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Soil and Tillage Research
Morin, J., The Institute of Earth Sciences, The Hebrew University of Jerusalem, Jerusalem, Israel
Effective management for agricultural development depends strongly on the regions' infrastructure and local community's culture and means. Western world agriculture management, cannot simply be copied to the African semitropic conditions. Developing effective management systems for any specific local conditions, demands a quantitative in-depth understanding of the particular soil and climate restrictions in which crust formation, surface seal and very high rain intensities are the dominant factors. A computer-based approach to this problem has been proposed. The approach adopted in Israel will be described in this paper, along with an illustration of applications on various scales of time and space. Study of a Cameroon rain storm reveals a promising method which is based on the small basin concept, absorbing all the rainfall in situ. The system is the Areal Basin, locally called, digutte. The main idea here is to divide the area into big basins, each of them practically a small field. They are to be cultivated by the farmer, whatever means are available to him, that is, manual labor or animal traction. © 1993.
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Rainfall for tillage management decisions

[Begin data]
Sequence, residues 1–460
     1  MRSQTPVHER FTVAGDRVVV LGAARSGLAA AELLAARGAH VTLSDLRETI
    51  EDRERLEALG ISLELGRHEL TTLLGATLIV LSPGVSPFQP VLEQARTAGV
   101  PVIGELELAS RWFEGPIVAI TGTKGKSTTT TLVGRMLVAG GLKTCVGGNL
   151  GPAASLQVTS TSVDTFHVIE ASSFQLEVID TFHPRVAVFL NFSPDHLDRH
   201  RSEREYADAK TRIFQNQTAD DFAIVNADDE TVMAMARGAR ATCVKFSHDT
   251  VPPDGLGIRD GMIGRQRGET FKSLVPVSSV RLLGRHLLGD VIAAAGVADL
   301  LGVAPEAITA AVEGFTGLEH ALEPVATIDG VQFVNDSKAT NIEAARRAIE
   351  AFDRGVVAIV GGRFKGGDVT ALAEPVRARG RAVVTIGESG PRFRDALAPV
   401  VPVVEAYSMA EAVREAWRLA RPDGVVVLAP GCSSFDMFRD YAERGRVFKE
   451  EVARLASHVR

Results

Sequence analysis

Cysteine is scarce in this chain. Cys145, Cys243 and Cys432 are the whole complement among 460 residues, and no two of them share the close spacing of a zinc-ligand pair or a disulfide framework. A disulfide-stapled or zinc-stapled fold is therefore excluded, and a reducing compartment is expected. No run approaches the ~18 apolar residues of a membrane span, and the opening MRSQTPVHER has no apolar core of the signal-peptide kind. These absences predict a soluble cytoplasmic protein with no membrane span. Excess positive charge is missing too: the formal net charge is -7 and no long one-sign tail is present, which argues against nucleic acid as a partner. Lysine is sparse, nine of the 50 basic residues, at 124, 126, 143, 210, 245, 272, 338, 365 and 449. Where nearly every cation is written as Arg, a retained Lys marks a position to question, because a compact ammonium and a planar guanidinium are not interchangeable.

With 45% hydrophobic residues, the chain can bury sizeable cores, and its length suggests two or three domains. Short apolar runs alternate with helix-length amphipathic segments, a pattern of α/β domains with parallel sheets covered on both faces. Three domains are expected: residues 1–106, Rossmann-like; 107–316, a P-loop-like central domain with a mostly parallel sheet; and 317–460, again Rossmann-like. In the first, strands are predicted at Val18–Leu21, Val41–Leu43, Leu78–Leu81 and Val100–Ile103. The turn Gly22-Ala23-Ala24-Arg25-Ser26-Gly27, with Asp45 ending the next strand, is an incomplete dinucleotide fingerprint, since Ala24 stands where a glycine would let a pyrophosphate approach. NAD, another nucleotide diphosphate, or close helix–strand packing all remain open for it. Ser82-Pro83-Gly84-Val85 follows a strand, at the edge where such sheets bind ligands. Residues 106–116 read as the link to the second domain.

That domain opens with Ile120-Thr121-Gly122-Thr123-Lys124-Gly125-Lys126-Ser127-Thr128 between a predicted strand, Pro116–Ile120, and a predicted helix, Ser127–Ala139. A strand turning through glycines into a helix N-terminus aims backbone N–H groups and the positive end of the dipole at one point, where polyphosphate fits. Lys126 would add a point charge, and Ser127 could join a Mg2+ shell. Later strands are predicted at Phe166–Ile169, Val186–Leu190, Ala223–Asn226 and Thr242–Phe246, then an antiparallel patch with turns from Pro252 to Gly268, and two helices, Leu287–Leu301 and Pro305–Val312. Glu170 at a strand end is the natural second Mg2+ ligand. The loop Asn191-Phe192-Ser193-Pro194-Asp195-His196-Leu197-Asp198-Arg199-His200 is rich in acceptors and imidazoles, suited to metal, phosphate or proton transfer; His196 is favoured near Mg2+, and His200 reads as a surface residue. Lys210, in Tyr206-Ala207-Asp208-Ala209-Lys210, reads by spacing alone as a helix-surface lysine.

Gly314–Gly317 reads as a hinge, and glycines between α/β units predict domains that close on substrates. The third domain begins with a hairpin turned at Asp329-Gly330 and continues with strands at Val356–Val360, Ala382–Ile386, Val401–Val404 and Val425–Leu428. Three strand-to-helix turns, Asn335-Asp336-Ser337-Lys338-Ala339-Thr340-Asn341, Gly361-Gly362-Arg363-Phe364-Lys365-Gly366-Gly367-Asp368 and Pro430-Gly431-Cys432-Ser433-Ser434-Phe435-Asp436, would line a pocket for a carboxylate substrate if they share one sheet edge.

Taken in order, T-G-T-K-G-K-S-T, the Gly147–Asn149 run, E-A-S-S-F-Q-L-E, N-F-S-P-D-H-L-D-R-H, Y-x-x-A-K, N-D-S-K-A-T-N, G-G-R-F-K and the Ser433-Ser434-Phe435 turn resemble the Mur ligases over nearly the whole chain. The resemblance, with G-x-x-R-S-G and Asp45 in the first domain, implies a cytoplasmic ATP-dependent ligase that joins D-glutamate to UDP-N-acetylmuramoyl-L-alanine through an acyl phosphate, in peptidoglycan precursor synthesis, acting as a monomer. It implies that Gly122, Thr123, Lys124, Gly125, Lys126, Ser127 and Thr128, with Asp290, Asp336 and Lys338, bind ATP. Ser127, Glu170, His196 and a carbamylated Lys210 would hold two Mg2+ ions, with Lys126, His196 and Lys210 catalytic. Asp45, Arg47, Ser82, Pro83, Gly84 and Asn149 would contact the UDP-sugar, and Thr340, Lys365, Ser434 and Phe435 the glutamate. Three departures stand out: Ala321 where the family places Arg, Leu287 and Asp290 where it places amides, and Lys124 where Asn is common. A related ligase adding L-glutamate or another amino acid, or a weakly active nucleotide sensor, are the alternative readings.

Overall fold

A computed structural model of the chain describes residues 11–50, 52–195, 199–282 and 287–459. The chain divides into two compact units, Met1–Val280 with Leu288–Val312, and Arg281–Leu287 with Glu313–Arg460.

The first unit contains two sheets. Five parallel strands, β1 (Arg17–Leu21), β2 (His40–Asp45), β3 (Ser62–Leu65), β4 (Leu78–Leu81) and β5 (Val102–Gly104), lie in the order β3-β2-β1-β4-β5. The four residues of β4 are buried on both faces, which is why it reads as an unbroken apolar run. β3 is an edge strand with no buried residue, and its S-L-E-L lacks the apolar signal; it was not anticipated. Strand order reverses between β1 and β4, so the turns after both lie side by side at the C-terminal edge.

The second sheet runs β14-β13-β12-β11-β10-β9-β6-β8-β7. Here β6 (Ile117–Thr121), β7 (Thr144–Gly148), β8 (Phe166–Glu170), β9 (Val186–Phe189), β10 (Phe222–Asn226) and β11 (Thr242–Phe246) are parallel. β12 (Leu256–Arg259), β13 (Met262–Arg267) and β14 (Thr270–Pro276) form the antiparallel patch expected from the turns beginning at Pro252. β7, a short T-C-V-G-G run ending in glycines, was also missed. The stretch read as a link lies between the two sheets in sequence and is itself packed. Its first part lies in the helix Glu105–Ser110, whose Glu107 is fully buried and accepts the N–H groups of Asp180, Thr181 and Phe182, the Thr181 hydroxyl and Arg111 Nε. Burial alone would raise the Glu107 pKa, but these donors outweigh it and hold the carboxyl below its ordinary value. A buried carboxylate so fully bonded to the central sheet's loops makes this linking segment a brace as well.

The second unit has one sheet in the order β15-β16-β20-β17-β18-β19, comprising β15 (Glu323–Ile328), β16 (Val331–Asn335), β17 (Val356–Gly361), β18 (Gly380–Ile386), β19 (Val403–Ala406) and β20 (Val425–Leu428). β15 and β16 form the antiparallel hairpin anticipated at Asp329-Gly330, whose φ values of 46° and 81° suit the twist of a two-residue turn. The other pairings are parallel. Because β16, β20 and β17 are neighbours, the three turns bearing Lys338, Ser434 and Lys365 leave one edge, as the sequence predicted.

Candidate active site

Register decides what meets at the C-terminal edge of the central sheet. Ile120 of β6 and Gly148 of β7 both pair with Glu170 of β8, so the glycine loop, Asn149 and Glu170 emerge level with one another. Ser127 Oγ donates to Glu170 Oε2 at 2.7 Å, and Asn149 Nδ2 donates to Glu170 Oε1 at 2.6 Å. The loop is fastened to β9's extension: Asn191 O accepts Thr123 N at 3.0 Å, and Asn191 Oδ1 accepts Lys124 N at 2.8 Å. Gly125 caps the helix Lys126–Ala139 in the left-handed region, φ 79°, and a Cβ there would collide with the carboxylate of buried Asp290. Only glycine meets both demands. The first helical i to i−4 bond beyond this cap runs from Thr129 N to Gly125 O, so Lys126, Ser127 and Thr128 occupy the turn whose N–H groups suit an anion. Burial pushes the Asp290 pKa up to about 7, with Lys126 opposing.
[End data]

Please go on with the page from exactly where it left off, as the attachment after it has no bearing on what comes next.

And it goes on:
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Morin, J., The Institute of Earth Sciences, The Hebrew University of Jerusalem, Jerusalem, Israel
Rainfall for tillage management decisions
Effective management for agricultural development depends strongly on the regions' infrastructure and local community's culture and means. Western world agriculture management, cannot simply be copied to the African semitropic conditions. Developing effective management systems for any specific local conditions, demands a quantitative in-depth understanding of the particular soil and climate restrictions in which crust formation, surface seal and very high rain intensities are the dominant factors. A computer-based approach to this problem has been proposed. The approach adopted in Israel will be described in this paper, along with an illustration of applications on various scales of time and space. Study of a Cameroon rain storm reveals a promising method which is based on the small basin concept, absorbing all the rainfall in situ. The system is the Areal Basin, locally called, digutte. The main idea here is to divide the area into big basins, each of them practically a small field. They are to be cultivated by the farmer, whatever means are available to him, that is, manual labor or animal traction. © 1993.
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